By Nathan Seppa, Science News
WASHINGTON—Malaria that is resistant to the best available drug is more widespread in Southeast Asia than previously reported, new research shows. The worrisome finding poses a risk that travelers could carry this strain of the malaria parasite to other parts of the globe and unwittingly spread it, scientists reported November 19 at a meeting of the American Society of Tropical Medicine and Hygiene.
The frontline drug in question is called artemisinin, the most potent medication currently in use against malaria. Signs of malarial resistance to artemisinin have surfaced over the past several years in Cambodia (SN: 11/22/08, p. 9). The new findings confirm that resistant malaria has now cropped up beyond a spot on the border of Thailand and Cambodia where it was initially detected. Now it has appeared in Vietnam and in two spots along the Burma border with Thailand and China.
“Things are changing. There’s no doubt the signs are concerning,” said Robert Newman, director of the Global Malaria Programme at the World Health Organization in Geneva. But he added that these signals are early and need further verification.
Patients in these areas take longer on average to overcome a malaria infection when given a standard combination of artemisinin and another antimalarial. This lag results from slower clearance of the malaria parasites from the blood, said WHO’s Pascal Ringwald, a medical officer who presented the update.
Patients who remain ill for longer stretches despite treatment need extra medication to recover from malaria and are also more likely to have severe or fatal cases, Ringwald said.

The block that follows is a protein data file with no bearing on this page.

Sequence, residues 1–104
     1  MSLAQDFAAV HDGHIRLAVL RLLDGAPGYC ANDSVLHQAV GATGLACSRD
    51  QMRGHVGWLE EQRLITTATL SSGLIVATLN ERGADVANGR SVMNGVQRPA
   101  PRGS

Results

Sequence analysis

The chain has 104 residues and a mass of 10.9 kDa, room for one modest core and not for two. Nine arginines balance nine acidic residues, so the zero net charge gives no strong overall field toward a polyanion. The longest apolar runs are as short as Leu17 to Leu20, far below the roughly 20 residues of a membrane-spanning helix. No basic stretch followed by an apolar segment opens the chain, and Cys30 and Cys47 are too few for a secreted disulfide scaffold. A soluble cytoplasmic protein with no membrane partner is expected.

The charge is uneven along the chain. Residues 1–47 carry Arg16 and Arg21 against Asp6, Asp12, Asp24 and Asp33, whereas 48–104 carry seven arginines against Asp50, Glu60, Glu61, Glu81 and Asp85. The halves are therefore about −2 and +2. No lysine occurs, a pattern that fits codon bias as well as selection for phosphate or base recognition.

Malaria is caused by a single-celled parasite that infects the blood. Symptoms include fever, headache, chills, anemia and a swollen spleen. Of the more than 350 million people who come down with malaria worldwide each year, up to 1 million die. Mosquitoes spread the parasite from person to person.
Malaria has a history of becoming resistant to drugs, and artemisinin now risks becoming the most recent addition to that list. The new reports are disheartening to doctors because artemisinin normally packs a considerable wallop. Although artemisinin is a short-acting drug that gets cleared from the body in a few hours, it makes the most of its time — driving down parasite levels dramatically.
Using artemisinin alone invites resistance. So the standard therapy teams it with one of the longer-acting drugs, which perform mop-up duty on the remaining parasites, said Christopher King, a physician and epidemiologist at Case Western Reserve University in Cleveland.
The new flashes of resistance may have arisen because combination treatment isn’t always available. And since artemisinin can be bought over the counter in many parts of Asia, people seeking relief don’t always follow the WHO guidelines of pairing artemisinin with another drug, King said.
Also, taking artemisinin for a fever that isn’t caused by malaria can allow resistant strains of the parasite to take hold, Newman said.
In the past, malaria’s resistance to other drugs has been linked to specific genetic changes in the parasite. The precise mechanism underlying resistance to artemisinin is still unsolved, King said.
Artemisinin is derived from extracts of the sweet wormwood bush. The bush’s leaves have been used as a folk remedy against fevers for roughly 2,000 years in Asia but fell out of use in the 20th century with the introduction of modern antimalarial drugs such as chloroquine.
During the Vietnam War, North Vietnamese leader Ho Chi Minh appealed to China for traditional remedies for soldiers who had malaria. Tea made from sweet wormwood leaves worked and ultimately became the basis for artemisinin drugs. It’s not clear whether parasites in Southeast Asia are the first to become resistant because they have had a long history with artemisinin, or if other factors are involved, Newman said.